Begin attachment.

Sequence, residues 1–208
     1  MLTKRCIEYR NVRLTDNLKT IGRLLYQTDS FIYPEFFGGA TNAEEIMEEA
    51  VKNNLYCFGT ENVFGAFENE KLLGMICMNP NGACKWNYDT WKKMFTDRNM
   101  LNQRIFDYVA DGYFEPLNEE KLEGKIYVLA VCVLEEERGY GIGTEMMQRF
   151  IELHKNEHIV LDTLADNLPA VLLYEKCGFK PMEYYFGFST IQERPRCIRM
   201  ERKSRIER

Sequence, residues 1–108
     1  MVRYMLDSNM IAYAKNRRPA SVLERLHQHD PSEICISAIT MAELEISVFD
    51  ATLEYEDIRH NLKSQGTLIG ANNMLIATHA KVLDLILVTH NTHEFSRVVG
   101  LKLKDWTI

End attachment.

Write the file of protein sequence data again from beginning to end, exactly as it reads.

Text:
Sequence, residues 1–208
     1  MLTKRCIEYR NVRLTDNLKT IGRLLYQTDS FIYPEFFGGA TNAEEIMEEA
    51  VKNNLYCFGT ENVFGAFENE KLLGMICMNP NGACKWNYDT WKKMFTDRNM
   101  LNQRIFDYVA DGYFEPLNEE KLEGKIYVLA VCVLEEERGY GIGTEMMQRF
   151  IELHKNEHIV LDTLADNLPA VLLYEKCGFK PMEYYFGFST IQERPRCIRM
   201  ERKSRIER

Sequence, residues 1–108
     1  MVRYMLDSNM IAYAKNRRPA SVLERLHQHD PSEICISAIT MAELEISVFD
    51  ATLEYEDIRH NLKSQGTLIG ANNMLIATHA KVLDLILVTH NTHEFSRVVG
   101  LKLKDWTI